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Finally, the BBC gets a sex attacker’s pronouns right | #childpredator | #kidsaftey | #hacking | #aihp



Unlike Isla Bryson, Andrew Miller is being referred to as a man

by Joan Smith

Andrew Miller also called himself Amy George

Everything about the case is horrendous. The ordeal of the victim, a primary school girl who was abducted from the street and sexually assaulted over 27 hours, hardly bears thinking about. But there is light at the end of the tunnel, in the form of an admission that the attacker, who is “transitioning” to be a woman, is biologically male.

“Man abducted and sexually assaulted schoolgirl while dressed as a woman”, was the BBC’s headline. It used the pronoun “he” throughout, signifying a welcome return to common sense. As recently as January, reports of the trial of a double rapist in Glasgow enraged readers when they used female pronouns and the nonsensical phrase “her penis”. 

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The 53-year-old defendant in the latest case, Andrew Miller, calls himself Amy George. He was wearing women’s clothes when he spotted the girl, who had missed her bus, and offered her a lift. The girl got into the car, believing Miller to be a woman and therefore not a threat. Instead of driving her home, he took her to his bungalow near Galashiels and repeatedly assaulted her.

At this point, I have to resist the temptation to write in block capitals: is anyone in the Scottish Government paying attention? Miller is exactly the kind of sexual predator we warned MSPs and policymakers about when they pushed an unpopular gender reform bill through the Scottish Parliament in December. We said that some men would pretend to be women to get access to victims or be housed in a women’s prison. They said “it never happens”.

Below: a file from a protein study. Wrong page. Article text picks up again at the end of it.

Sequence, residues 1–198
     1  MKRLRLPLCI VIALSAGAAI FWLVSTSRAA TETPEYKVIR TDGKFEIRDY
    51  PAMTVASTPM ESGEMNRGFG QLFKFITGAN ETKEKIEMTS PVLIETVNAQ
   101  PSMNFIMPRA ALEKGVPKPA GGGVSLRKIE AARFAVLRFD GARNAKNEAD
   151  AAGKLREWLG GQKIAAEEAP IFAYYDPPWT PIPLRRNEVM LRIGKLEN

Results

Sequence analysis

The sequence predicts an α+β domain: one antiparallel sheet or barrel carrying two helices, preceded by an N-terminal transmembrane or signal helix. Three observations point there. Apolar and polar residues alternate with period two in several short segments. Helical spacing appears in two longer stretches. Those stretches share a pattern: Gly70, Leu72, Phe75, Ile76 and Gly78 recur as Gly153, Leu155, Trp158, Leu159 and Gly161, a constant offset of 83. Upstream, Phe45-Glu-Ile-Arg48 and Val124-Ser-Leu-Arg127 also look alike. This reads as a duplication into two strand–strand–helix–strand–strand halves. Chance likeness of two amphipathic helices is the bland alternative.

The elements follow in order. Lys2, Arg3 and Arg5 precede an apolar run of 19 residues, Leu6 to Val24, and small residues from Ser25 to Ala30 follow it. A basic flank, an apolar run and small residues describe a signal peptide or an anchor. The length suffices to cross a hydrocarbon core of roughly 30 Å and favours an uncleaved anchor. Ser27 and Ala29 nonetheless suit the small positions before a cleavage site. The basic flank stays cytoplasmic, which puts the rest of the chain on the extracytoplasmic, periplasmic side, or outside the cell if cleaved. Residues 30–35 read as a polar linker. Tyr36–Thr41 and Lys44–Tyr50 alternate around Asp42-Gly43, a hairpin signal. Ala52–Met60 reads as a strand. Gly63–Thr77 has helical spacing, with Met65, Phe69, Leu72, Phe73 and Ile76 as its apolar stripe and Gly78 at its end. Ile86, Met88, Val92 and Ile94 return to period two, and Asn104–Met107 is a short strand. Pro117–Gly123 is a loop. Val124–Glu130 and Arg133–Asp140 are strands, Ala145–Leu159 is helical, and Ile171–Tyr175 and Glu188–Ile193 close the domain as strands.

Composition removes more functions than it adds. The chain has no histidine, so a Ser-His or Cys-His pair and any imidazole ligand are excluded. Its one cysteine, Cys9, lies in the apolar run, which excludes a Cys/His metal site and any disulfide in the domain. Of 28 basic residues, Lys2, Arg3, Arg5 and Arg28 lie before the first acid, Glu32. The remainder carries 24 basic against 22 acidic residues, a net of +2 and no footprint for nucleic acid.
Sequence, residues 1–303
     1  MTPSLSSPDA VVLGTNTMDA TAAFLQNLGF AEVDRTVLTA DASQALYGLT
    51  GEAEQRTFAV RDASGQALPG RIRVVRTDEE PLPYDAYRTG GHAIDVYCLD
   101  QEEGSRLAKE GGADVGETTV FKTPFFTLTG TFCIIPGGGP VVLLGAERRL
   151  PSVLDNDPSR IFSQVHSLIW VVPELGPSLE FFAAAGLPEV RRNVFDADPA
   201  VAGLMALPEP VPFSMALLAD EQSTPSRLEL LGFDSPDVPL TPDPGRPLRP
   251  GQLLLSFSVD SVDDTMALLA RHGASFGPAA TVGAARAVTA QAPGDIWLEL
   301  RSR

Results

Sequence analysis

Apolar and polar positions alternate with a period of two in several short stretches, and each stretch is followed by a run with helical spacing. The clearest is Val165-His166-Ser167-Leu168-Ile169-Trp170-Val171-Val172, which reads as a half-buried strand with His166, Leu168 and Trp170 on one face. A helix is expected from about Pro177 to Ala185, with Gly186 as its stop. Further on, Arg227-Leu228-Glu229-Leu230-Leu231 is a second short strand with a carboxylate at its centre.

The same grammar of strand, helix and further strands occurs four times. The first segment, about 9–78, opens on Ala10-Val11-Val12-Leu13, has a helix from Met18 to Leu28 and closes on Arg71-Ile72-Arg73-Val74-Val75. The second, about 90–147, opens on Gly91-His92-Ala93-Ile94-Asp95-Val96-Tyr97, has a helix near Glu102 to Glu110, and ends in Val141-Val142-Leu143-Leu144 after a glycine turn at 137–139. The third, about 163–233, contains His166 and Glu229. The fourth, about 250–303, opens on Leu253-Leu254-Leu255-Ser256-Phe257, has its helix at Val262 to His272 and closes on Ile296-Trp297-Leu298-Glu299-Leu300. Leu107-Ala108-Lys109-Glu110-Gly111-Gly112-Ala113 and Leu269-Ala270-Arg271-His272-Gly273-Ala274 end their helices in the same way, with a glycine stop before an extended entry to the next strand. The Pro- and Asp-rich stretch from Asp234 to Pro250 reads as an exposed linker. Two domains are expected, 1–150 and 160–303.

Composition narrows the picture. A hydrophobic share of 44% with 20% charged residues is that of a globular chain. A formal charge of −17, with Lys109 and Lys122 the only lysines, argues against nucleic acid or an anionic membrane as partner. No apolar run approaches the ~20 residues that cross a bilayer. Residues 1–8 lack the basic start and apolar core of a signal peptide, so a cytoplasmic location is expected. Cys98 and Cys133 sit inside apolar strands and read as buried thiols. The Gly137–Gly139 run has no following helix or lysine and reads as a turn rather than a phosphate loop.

It’s happened twice since then, and those are only the cases we’ve heard about. Adam Graham, the double rapist who calls himself Isla Bryson and claims to be transitioning, spent a night in a women’s prison before an outcry got him moved into the male estate. Let’s hope that Miller serves whatever sentence he gets in a men’s jail. Had the Gender Recognition Reform Bill become law, there would be nothing to stop him applying for a certificate declaring his legal sex to be female — and demanding to be moved to the female estate.

Unlike Bryson, Miller agreed to appear in court under his male name and use male pronouns. That means his crime will be recorded as having been committed by a male defendant, unlike previous cases where statistics have been rendered unreliable by recording convicted sex offenders as women. It’s progress of a sort, but it highlights another potential problem in relation to transgender offenders.

A man who leaves prison and gets a gender recognition certificate in a new female name is obliged to reveal his previous identity and convictions to the disclosure and barring (DBS) service when he applies for a job working with children or vulnerable adults. But what if he doesn’t? The onus is on him to be honest, leading the Conservative MP Miriam Cates to condemn a “loophole” in the DBS system.

Miller’s guilty plea will have come as a relief to his victim and her family, but the case raises a huge red flag over the practice of telling children to respect other people’s “gender identity”. Such advice breaks one of the most basic rules of safeguarding, which is that everyone needs to be able to make an accurate assessment of risk. A man who “presents” as a woman is still a man — and biological males, no matter how they “identify”, are much more likely to commit sex offences than women.

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